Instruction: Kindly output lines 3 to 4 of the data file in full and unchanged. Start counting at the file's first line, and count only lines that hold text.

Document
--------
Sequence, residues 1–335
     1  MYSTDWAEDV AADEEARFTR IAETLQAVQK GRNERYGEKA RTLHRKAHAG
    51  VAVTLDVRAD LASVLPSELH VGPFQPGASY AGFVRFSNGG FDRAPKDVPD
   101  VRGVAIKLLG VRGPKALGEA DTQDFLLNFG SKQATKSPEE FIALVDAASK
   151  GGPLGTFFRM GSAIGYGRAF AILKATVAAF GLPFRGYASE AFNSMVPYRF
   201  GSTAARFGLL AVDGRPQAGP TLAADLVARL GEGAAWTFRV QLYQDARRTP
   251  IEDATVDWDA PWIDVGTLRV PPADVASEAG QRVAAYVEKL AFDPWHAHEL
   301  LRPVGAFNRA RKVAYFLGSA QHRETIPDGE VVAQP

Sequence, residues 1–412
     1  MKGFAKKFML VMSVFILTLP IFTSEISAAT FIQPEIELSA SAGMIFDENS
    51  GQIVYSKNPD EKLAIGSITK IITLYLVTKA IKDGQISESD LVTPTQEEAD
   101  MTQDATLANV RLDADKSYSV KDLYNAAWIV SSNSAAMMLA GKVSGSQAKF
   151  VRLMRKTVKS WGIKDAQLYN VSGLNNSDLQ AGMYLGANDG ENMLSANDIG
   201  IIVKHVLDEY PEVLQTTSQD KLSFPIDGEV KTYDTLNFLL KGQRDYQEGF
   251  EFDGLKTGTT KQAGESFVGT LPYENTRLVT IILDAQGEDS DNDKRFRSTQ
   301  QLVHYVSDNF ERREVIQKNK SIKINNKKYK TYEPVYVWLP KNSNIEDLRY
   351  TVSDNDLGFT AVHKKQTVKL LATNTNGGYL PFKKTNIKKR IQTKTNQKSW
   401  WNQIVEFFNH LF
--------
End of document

    51  VAVTLDVRAD LASVLPSELH VGPFQPGASY AGFVRFSNGG FDRAPKDVPD
   101  VRGVAIKLLG VRGPKALGEA DTQDFLLNFG SKQATKSPEE FIALVDAASK